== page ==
We're of course pixel-peeping to an extraordinary extent here, since 1:1 images on an LCD screen have little to do with how those same images will appear when printed. See the Print Quality section below for our evaluation of maximum print sizes at each ISO setting.

Note that we now shoot this series at f/8 instead of f/4, for increased depth of field (at f/4, it was very difficult to focus for maximum sharpness in the crop area while maintaining consistent focus between models).

Extremes: Sunlit, dynamic range and low light tests
Somewhat high default contrast but with good dynamic range for its class. Excellent low-light performance, able to capture images and autofocus in very low light.

+0.3 EV +0.7 EV +1.0 EV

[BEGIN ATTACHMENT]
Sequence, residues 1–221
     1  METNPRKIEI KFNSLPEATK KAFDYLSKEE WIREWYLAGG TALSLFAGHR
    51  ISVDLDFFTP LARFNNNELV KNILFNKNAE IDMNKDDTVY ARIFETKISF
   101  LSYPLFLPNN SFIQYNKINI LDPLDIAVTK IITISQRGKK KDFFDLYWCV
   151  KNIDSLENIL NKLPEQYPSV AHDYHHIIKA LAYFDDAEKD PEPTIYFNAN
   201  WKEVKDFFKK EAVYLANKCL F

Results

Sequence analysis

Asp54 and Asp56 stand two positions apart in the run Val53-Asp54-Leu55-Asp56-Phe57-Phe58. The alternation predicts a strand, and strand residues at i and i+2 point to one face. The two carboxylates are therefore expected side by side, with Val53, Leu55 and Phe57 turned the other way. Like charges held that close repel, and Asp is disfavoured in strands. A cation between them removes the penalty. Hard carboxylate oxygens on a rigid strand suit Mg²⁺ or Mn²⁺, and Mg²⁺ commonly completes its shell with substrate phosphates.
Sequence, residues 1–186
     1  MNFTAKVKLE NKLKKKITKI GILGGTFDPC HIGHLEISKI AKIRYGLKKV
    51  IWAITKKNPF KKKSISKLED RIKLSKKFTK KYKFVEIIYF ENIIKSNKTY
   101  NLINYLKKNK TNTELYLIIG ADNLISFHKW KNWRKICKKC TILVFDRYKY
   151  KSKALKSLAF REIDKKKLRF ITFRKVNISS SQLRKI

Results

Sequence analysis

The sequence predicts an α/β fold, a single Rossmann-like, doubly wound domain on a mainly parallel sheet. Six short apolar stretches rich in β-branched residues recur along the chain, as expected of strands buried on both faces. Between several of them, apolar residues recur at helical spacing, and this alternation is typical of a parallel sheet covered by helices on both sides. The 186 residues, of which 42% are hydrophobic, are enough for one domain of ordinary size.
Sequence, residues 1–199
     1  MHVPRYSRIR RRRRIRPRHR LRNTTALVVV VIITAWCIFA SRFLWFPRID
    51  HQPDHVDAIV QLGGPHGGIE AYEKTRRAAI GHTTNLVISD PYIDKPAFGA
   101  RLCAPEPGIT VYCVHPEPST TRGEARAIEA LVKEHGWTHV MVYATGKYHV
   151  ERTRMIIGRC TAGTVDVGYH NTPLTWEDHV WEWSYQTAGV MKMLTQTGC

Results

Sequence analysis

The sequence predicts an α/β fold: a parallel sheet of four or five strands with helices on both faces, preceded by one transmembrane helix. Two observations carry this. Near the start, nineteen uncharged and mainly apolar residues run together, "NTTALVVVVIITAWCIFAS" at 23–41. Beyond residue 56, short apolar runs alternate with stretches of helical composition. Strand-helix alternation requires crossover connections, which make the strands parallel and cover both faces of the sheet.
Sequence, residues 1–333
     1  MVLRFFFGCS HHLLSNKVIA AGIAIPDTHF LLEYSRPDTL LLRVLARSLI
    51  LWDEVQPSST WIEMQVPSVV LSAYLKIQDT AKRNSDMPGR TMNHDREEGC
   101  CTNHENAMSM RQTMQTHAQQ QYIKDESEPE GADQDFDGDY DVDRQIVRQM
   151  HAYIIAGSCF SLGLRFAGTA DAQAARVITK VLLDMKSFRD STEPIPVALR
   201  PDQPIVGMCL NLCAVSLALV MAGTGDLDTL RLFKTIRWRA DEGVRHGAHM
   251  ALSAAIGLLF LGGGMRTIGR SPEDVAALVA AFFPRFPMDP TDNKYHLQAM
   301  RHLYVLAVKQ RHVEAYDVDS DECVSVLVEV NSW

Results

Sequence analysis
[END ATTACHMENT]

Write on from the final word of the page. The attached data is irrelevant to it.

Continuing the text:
Sunlight. The Panasonic GH5 did well with the deliberately harsh lighting of this test. Contrast is a little high at its default setting, but dynamic range is pretty good in JPEGs. We felt the +0.7 EV exposure is the best compromise here. Although skin tones around the eyes are still a bit dark, we prefer it to the +1.0 EV exposure overall, because there are fewer clipped highlights At +0.7 EV, relatively few highlights were clipped in the white shirt and flowers. There are however some deep shadows which are a little noisy and discolored with a green tint, but they have good detail. The bottom line though, is that the Panasonic GH5 performed well with the wide dynamic range of this shot for a Micro Four Thirds camera, though as expected, competitors with larger sensors will often offer better performance. See below for how the Panasonic GH5's sensor performs (RAW mode) in terms of dynamic range.